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Tutorial about synthesis of sound: the ADSR envelope.

ADSR Envelope

The ADSR (Attack-Delay-Sustain-Release) is probably the most important aspect for shaping any sound. The four components of the ADSR form what is known as the envelope of the waveform. An envelope represents the variations in a certain magnitude that a given sound experiments over time. In this case I am referring to amplitude envelope, which dictates the volume or loudness of a sound over time and contributes so much to its personality that sounds are often categorized in base of their amplitude ADSR.

Having a clear idea about which kind of sound we want to create in a synthesizer, after selecting the correct waveforms and adjusting other settings in the oscillators, we would proceed to tweak the ADSR values in the amplificator (AMP) until finding the amplitude envelope which better suits the desired personality of the sound. The sound of a musical instrument is characteristic not only because of its timbre, but also because of its amplitude envelope. The following pictures show a representation of how Attack, Delay, Sustain and Release parameters shape the envelope of the sound (left picture) and the ADSR controls (for both loudness and filter contours) of the filter bank of the MiniMogue Luxus analog synthesizer (right picture).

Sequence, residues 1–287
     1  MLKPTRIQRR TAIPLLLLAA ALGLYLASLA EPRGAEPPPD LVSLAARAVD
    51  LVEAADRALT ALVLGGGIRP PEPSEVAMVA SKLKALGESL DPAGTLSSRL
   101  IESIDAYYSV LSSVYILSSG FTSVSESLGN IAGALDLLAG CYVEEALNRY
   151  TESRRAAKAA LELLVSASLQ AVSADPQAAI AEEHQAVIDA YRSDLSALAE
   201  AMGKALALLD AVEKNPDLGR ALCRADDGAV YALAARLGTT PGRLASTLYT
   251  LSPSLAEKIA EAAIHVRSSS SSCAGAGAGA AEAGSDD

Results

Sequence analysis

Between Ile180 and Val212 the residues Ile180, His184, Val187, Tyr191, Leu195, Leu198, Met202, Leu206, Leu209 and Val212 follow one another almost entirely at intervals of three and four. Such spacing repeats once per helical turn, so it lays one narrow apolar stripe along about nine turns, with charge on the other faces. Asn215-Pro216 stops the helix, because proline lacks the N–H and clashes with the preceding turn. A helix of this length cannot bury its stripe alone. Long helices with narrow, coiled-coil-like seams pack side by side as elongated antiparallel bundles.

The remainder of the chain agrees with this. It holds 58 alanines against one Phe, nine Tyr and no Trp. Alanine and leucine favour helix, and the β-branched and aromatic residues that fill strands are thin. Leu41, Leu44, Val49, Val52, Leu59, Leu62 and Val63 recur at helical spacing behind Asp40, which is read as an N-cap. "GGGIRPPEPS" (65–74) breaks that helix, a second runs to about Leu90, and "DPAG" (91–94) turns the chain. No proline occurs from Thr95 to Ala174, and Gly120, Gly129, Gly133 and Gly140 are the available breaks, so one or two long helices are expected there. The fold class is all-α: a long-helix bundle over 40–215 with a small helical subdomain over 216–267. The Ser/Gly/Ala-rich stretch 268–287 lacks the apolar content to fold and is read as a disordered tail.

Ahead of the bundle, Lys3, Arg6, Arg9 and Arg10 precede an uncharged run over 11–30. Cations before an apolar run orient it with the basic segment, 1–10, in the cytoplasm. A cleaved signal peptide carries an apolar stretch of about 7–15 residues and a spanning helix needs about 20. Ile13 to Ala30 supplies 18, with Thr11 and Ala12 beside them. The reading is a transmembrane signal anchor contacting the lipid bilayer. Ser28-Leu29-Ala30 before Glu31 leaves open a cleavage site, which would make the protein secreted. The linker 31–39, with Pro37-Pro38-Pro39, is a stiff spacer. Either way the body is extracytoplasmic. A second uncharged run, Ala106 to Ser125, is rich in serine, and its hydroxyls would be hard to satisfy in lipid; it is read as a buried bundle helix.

ADSR envelope MiniMogue Luxus VST filter bank

Looking at that particular ADSR graphic we can see that it represents a sound whose whole length can be differentiated in two parts; the first part (Attack and Decay) shows a sort of brief and loud sonic impact, such as that generated by a percussion hit or a plucked string, whereas the second part (Sustain and Release) shows how the sound, after quickly losing loudness, has a stable amplitude during a certain amount of time, until being finally extinguished after a gradual decrease of amplitude. It is easy to understand that Attack and Decay correspond to the moment when a note is plucked or struck in a musical instrument, whereas Sustain and Release are related to the sustained vibrations that might follow just after. Hence, the ADSR envelope depends on the characteristics of the musical instrument that we want to recreate in our electronic sound generator.

The concept of ADSR envelope is crucial for achieving a proper synthesis of musical sounds. The combination of these four parameters provides a large amount of variations which can be used to imitate the sound of real instruments or otherwise create fantastic sounds. To recreate the effect of a percussion hit or a plucked/struck note we should adjust a short Attack time followed by a short Decay time, a minimal or relatively low Sustain level and a short Release time. In the opposite case, to create a pad sound which can be used as a sonic texture that fills the sonic space with a deep or dramatic atmosphere, we should use a long Attack time followed by a long Decay time, a pronounced Sustain level and a long Release time. Some percussion instruments, such as a snare, are characterized by insignificant amounts of Sustain and Release, whereas others which generate more prolonged vibrations when hit, such as a crash cymbal, are characterized by larger amounts.